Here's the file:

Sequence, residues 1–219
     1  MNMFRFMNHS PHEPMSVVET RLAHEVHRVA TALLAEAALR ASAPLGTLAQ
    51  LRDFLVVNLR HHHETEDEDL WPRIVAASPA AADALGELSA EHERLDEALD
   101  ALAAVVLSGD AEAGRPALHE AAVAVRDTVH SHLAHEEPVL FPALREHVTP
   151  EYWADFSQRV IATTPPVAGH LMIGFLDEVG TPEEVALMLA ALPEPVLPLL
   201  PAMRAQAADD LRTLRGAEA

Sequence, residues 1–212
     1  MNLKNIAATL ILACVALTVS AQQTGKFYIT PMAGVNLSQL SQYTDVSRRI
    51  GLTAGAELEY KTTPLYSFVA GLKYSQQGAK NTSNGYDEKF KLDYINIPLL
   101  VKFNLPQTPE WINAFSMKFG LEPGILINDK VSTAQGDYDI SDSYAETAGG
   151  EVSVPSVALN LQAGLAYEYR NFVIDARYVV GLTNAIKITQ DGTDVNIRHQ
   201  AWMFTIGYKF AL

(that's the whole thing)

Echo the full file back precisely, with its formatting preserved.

Sequence, residues 1–219
     1  MNMFRFMNHS PHEPMSVVET RLAHEVHRVA TALLAEAALR ASAPLGTLAQ
    51  LRDFLVVNLR HHHETEDEDL WPRIVAASPA AADALGELSA EHERLDEALD
   101  ALAAVVLSGD AEAGRPALHE AAVAVRDTVH SHLAHEEPVL FPALREHVTP
   151  EYWADFSQRV IATTPPVAGH LMIGFLDEVG TPEEVALMLA ALPEPVLPLL
   201  PAMRAQAADD LRTLRGAEA

Sequence, residues 1–212
     1  MNLKNIAATL ILACVALTVS AQQTGKFYIT PMAGVNLSQL SQYTDVSRRI
    51  GLTAGAELEY KTTPLYSFVA GLKYSQQGAK NTSNGYDEKF KLDYINIPLL
   101  VKFNLPQTPE WINAFSMKFG LEPGILINDK VSTAQGDYDI SDSYAETAGG
   151  EVSVPSVALN LQAGLAYEYR NFVIDARYVV GLTNAIKITQ DGTDVNIRHQ
   201  AWMFTIGYKF AL